(c) said cloth material being constructed of strands of monofilament material woven together and having a surface exposed to fluid on the inlet side of said filter element and an opposite surface exposed to fluid on the outlet side of said filter element, and
(d) said cloth material having at least the surface on the inlet side roughened to form a plurality of jagged projections and depressions on said inlet side surface of said material adapted to increase the ability of said cloth material to catch and retain foreign particles and to decrease the porosity of said cloth material.
4. The filter element as defined in claim 3 and in which said monofilament material is nylon.
References Cited UNITED STATES PATENTS 1,035,248 8/1912 Seavey 210488 X 2,353,244 7/1944 Dreyfus M 210499 X 2,478,097 8/1949 Glanzer 55528 X 2,612,966 10/1952 Nicol 55528 X 2,615,477 10/1952 Crawley 210499 X 2,765,923 10/1956 Novak 210-499 X 2,804,937 9/1957 Poole 55527 X 2,820,461 1/1958 Muller 55522 X 3,007,579 11/1961 Pall 210-493 X 3,018,845 1/1962 Powers 2l0499 X 3,280,985 10/1966 Czerwonka 210493 X SAMIH N. ZAHARNA, Primary Examiner.
REUBEN FRIEDMAN, Examiner.
25 C. DITLOW, Assistant Examiner.
|Cited Patent||Filing date||Publication date||Applicant||Title|
|US1035248 *||May 26, 1911||Aug 13, 1912||Filter.|
|US2353244 *||May 25, 1942||Jul 11, 1944||Hood fob stoves|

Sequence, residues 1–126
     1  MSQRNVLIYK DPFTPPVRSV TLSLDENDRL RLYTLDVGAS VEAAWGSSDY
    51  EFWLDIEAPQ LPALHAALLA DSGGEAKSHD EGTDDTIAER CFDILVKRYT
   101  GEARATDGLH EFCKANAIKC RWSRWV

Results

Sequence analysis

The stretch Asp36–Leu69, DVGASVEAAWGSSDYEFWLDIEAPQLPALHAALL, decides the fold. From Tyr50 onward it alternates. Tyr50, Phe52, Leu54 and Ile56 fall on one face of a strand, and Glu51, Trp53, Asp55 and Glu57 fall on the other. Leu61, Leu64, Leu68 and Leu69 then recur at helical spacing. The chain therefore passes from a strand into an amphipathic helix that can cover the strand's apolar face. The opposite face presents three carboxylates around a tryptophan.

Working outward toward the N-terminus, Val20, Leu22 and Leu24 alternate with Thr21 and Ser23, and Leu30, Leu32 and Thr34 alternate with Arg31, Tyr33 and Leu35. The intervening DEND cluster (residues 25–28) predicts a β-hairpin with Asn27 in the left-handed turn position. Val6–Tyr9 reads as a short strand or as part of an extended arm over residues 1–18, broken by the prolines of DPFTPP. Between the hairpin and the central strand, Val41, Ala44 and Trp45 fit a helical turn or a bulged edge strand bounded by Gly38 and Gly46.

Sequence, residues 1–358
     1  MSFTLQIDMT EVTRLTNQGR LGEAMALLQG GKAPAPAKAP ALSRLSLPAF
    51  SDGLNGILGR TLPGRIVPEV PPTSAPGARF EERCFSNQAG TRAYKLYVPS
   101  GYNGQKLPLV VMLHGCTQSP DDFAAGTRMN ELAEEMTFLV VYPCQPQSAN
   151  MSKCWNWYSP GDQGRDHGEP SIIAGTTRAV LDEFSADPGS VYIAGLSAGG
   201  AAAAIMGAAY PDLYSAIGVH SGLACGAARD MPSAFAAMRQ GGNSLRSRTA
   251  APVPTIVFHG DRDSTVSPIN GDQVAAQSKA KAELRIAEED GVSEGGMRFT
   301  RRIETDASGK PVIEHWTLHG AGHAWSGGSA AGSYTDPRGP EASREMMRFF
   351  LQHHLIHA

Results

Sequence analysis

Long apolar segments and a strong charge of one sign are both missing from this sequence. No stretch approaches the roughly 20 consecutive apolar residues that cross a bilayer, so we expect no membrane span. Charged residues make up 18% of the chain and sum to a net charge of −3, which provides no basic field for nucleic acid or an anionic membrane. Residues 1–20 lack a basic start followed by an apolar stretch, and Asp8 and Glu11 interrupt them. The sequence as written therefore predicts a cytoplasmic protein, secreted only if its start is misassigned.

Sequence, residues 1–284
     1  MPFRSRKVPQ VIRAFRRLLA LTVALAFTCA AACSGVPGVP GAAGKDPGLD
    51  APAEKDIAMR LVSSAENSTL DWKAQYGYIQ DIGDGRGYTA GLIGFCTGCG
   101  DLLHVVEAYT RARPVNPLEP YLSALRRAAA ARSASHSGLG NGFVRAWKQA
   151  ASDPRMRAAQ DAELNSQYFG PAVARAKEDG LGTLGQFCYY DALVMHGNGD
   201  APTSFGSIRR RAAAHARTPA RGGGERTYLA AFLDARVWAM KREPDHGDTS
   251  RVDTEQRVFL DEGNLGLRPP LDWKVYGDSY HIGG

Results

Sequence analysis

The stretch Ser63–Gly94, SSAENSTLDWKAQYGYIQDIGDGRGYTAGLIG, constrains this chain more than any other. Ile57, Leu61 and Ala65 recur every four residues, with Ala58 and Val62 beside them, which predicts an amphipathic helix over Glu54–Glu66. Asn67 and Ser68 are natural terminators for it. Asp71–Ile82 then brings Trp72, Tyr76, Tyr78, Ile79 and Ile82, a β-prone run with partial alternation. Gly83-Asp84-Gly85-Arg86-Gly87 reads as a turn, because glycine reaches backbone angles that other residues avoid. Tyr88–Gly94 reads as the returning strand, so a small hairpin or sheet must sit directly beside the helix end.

|US2478097 *||Apr 7, 1944||Aug 2, 1949||Air Maze Corp||Filter|
|US2612966 *||Mar 29, 1950||Oct 7, 1952||Wingfoot Corp||Polyethylene air filter|
|US2615477 *||Mar 18, 1948||Oct 28, 1952||American Viscose Corp||Filter media|
|US2765923 *||Apr 3, 1953||Oct 9, 1956||Novak Milan V||Blood filter|
|US2804937 *||Oct 21, 1953||Sep 3, 1957||Goodyear Tire & Rubber||Air filter with orderly arranged filaments|
|US2820461 *||Apr 18, 1955||Jan 21, 1958||Adolf Muller Paul||Tobacco filter, particularly for cigarettes|
|US3007579 *||Jun 16, 1958||Nov 7, 1961||Pall Corp||Filter structure|
|US3018845 *||Dec 12, 1957||Jan 30, 1962||Powers Milton A||Filters|
|US3280985 *||Aug 26, 1963||Oct 25, 1966||American Air Filter Co||Fluid filter arrangement|
|Citing Patent||Filing date||Publication date||Applicant||Title|
|US3473576 *||Dec 14, 1967||Oct 21, 1969||Procter & Gamble||Weaving polyester fiber fabrics|
|US3651947 *||Mar 11, 1970||Mar 28, 1972||Melikian Inc Rudd||Filter|
|US3726408 *||Mar 20, 1970||Apr 10, 1973||Wood M Sa||Structures of sheet materials made of asymmetric folds|
|US3780872 *||Sep 29, 1970||Dec 25, 1973||Pall Corp||Filters comprising anisometric compressed and bonded multilayer knitted wire mesh composites|
|US4172797 *||Jan 11, 1978||Oct 30, 1979||Purolator, Inc.||Dual media filter|
|US4411783 *||Dec 23, 1981||Oct 25, 1983||Shiley Incorporated||Arterial blood filter with improved gas venting|
|US4555342 *||Apr 9, 1984||Nov 26, 1985||Grant Blake F||Ribbon filter apparatus|